For history buffs and nature lovers, the River Bluffs Scenic Byway in northeast Iowa is a travel bucket list must.
This 109-mile route loops through Clayton and Fayette counties and passes through some of Iowa’s most beautiful and unique geography, including towering bluffs, rolling prairie hills, valleys, winding rivers and woods. Most towns along the route are remarkably small and could easily be missed in a blink, but among them are hidden gems of history, natural beauty and more.
“It’s the second most scenic state byway in Iowa,” said Jared Nielsen of Northeast Iowa Resource Conservation and Development, noting the nearby Driftless Area Scenic Byway as the first. “This byway is more known for history and archaeology.”
The area is exceptionally beautiful in the fall, as the changing leaves saturate the bluffs in magnificent color, but even in the middle of winter, a road trip along the route can help cure cravings to break free from hibernation.
My husband and I embarked on our River Bluffs Scenic Byway day trip just after a snowstorm, when the landscape was especially eye-catching, blanketed in fresh, powdery white snow.
Since it is a looping route, you could theoretically start anywhere along the byway and drive the entire road to see it all. We only had time for a quick day trip but would recommend at least a weekend (or week) to enjoy the entire byway, with stops along the way. There’s a lot to see and do, especially when you take detours to see things off the beaten path.
We started in Fayette, home to just under 1,500 people and a small private college, Upper Iowa University. The Volga River and nearby parks draw many to the area for fishing, canoeing and hiking in the summer and fall.
We didn’t stay long but did make time to stop and see the university’s historic campus, which looked all the more majestic surrounded by several feet of snow.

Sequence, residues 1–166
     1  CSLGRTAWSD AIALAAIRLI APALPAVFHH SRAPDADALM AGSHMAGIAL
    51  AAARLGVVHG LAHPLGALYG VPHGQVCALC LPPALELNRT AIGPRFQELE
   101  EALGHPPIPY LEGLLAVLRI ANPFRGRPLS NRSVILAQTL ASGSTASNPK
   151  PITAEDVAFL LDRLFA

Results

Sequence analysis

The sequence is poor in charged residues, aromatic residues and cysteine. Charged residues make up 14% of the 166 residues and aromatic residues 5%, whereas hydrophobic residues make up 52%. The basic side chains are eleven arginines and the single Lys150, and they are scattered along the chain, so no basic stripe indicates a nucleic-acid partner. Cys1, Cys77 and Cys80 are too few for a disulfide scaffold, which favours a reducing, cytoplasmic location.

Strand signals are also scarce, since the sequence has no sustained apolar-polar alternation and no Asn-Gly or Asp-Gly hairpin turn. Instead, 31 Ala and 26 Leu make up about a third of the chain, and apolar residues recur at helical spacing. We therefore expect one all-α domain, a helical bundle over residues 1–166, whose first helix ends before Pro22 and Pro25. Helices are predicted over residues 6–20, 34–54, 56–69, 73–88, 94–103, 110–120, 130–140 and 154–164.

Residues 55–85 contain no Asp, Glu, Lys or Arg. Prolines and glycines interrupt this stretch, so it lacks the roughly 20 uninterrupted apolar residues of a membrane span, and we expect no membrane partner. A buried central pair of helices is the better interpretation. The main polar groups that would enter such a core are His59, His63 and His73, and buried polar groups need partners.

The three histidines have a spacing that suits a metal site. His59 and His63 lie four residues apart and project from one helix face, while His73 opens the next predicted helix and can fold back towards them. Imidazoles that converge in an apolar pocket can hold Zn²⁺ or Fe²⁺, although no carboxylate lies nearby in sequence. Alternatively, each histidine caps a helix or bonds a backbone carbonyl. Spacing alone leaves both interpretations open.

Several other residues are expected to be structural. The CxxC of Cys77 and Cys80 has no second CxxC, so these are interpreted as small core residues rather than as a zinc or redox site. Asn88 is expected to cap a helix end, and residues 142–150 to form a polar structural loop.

Another eye-catcher was Fayette’s opera house, restored to look nearly new with a fresh coat of brilliant blue paint. If you’re a fan of opera houses and other historic architecture, you’ll be thrilled by this route. There were several opera houses along the way, but none stood out quite like this one.
From Fayette, we headed north through West Union toward Clermont. If you veer off the route slightly toward Eldorado, be sure to stop at the scenic overlook that sits atop the bluff at Goekin Park for the picturesque view of the tiny town, sitting at the bottom of a valley with an ornate church tower at its center.
In Clermont, we learned a lot of popular tourist destinations were closed for the winter, such as the Riegel Blacksmith Shop, listed on the National Register of Historic Places.
“It’s one of the last remaining blacksmith shops that’s been left untouched, with all the equipment as is,” Nielsen said.
We hoped to visit the Montauk Historic Site — a mansion built in 1874 that was once home to Iowa’s 12th Governor — but a steep pile of snow blocked the entrance. The historic site is surrounded by more than 100,000 pine trees on the estate’s 46 acres. If you’re here between Memorial Day and October 31, be sure to jump on a group tour.
If it’s nature you’re looking for, drive 10 minutes off the byway to Gilbertson’s Nature Center on County Road B84. It has more than 345 acres and five miles of trails open year-round, where you can hike, bike or horseback ride. In the winter, bring your cross-country skis or snowshoes.